Bad Neighbors, and Other Nightmares You Might Need to Disclose to Buyers

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If you’ve ever bought or sold a home, you probably know that the seller has to disclose any major problems before the sale can go through.

A crack in the foundation, a basement prone to flooding—it’s this kind of terror-inducing structural news that can signal a bad investment, so naturally, you need to tell any prospective buyers. And, if you don’t disclose it, you could face a huge lawsuit to cover repairs years down the line.

But disclosure laws are very state-specific. What a seller has to disclose in one state isn’t necessarily something that needs to be disclosed in another—much to the chagrin of buyers.

So what falls into that fun-filled gray area? Let’s take a look.

Meth labs

Rick Davis is a real estate attorney who practices in Kansas City, MO and KS. This means he gets to regularly see how disclosure laws vary widely between two states, even if they share a city.

One of the biggest differences between the two states (although, thankfully, it doesn’t come up often) is that Kansas doesn’t require a seller to disclose if the home was previously the site of an illegal meth lab, while Missouri does.

“I have had a client who purchased a home in Missouri that was a former lab,” he says. “The person they bought the home from did not disclose the history of the home, and they discovered it after doing some research related to a class the husband was taking in law school.

“They were getting ready to sell the home and were worried about the depreciation of value because they would now have to disclose the history as they now knew about it. We discussed the possibility of suing the seller, but for various reasons they decided not to follow through with litigation.”

The thing about disclosure is that you aren’t required to disclose what you don’t know, so sometimes looking too deep into the history of your home can be a bad thing. In this case, if the couple hadn’t done the research into their home, they wouldn’t have had to tell potential buyers anything about the home’s “Breaking Bad” roots.

Death … and how the previous owner died

Many states have laws on the books that require sellers to disclose facts about whether the property is “psychologically affected.”

This typically means disclosing if someone has died in the property within the past few years. In California, the period of time to disclose deaths in the home is three years. But sometimes you need to go into detail about how they died, too.

“I had a case where the estate was selling a property,” says Aaron Feldman, a real estate attorney practicing in Walnut Creek, CA. “The owner died in the house and that was disclosed. What was not disclosed was the fact that he was violently murdered. There was some vague language for the potential buyer to ask for more info.”

That ended up being a costly mistake for the seller. Feldman’s client filed a lawsuit and eventually received a $15,000 settlement plus another $15,000 in attorney’s fees.

Horrible neighbors

We’ve all dealt with terrible neighbors: People who constantly have ear-splitting parties, don’t pick up after themselves, or let their pets run wild. So how much of this does a seller need to disclose?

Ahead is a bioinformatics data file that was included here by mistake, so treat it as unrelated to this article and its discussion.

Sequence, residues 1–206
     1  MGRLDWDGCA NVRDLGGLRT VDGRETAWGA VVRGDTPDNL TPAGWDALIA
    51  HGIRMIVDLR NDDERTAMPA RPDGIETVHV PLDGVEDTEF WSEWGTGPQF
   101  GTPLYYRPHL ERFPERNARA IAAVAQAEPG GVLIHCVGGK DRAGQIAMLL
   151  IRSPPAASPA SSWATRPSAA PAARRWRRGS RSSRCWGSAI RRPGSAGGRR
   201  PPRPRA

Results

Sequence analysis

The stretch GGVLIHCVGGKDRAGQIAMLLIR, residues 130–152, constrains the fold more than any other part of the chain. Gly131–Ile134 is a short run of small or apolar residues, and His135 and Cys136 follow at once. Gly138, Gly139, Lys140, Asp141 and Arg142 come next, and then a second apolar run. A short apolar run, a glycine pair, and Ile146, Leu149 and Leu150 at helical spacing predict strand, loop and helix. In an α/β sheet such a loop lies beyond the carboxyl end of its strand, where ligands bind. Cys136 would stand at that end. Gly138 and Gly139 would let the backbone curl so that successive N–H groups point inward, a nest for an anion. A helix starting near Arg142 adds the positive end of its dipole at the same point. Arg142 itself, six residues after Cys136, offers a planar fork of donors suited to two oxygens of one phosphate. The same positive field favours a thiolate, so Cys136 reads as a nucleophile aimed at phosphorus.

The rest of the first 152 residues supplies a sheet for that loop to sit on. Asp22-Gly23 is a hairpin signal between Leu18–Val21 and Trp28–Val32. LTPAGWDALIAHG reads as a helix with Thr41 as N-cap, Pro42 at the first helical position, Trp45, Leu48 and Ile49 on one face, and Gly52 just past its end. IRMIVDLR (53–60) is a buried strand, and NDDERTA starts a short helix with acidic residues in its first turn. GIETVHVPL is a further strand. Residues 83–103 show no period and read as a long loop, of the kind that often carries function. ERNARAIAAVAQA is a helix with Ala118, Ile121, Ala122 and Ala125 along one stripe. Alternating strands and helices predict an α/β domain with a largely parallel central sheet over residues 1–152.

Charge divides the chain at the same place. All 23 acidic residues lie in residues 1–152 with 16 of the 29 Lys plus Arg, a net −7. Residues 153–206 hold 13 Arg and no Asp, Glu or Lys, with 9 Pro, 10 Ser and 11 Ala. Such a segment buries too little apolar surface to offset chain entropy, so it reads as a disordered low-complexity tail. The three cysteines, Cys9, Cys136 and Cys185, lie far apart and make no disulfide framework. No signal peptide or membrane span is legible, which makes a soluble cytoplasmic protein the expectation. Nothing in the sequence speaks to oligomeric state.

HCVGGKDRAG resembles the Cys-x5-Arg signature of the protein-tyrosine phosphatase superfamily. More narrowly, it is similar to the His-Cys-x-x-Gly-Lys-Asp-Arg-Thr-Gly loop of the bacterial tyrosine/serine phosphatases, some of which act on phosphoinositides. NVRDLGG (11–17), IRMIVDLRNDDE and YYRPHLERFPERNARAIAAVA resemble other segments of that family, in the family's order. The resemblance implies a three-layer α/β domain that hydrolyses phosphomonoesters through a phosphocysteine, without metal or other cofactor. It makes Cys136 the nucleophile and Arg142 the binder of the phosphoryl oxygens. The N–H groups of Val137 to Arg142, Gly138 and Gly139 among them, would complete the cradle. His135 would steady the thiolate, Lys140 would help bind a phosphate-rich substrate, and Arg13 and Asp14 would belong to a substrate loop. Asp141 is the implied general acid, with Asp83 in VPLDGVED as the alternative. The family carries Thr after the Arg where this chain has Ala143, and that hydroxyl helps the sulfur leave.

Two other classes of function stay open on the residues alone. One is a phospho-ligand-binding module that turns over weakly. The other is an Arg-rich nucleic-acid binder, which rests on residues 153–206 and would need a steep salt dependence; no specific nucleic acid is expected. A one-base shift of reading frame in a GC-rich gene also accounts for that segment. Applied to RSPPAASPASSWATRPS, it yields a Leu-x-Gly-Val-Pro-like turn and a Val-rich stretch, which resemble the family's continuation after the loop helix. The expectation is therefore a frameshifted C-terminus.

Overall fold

It’s debatable. No state has a specific law on the books requiring you to spill the beans about your appalling neighbors. Because it’s all subjective, right? You might barely notice that your neighbor’s terrier barks at all hours of the day and night, but it could drive the person who buys your home legally insane.

But some states, such as California, require sellers to disclose any major nuisances in their neighborhood. So if your neighbor is known for throwing foam parties every Saturday night and you don’t disclose it, you could potentially be held liable for that.

Problems that aren’t the fault of the property

A sewer backup is something that you’re almost certainly going to have to disclose, but sometimes buyers need to dig into what that disclosure really means.

For example, Georgia law requires a seller to disclose issues inside the home, but not issues in the home that are caused by problems that are off-site. That complicated one case for Bruce Ailion, a Realtor® and licensed attorney in Atlanta.

“The buyer purchased a home where the basement had been recently finished,” he recalls. “The disclosure stated sewer backup was the cause. The buyer assumed the sewer line was fixed. A week after the home was purchased the basement flooded with sewage again. It turns out the problem was not with the sewer line from the street to the house, but with the county itself making mistakes, flooding all the houses on the street.”

In that case, there wasn’t anything the buyer could do to sue the seller for damages resulting from nondisclosure. It was kind of a shady move for the seller to not disclose the full problem, but he was in the right legally.

Still, most Realtors and attorneys say it’s better to come clean with any problems than to sweep them under the carpet (or into the sewer).

“Most home buyers understand that over time issues are going to arise,” Davis says. “If you had an issue and it was repaired, there is really no reason you shouldn’t disclose it to the buyer.”

Still not sure what to disclose? Be sure to ask an agent about your specific scenario. Here’s how to find a real estate agent in your area.

By Warren Christopher Freiberg
Originally posted on at

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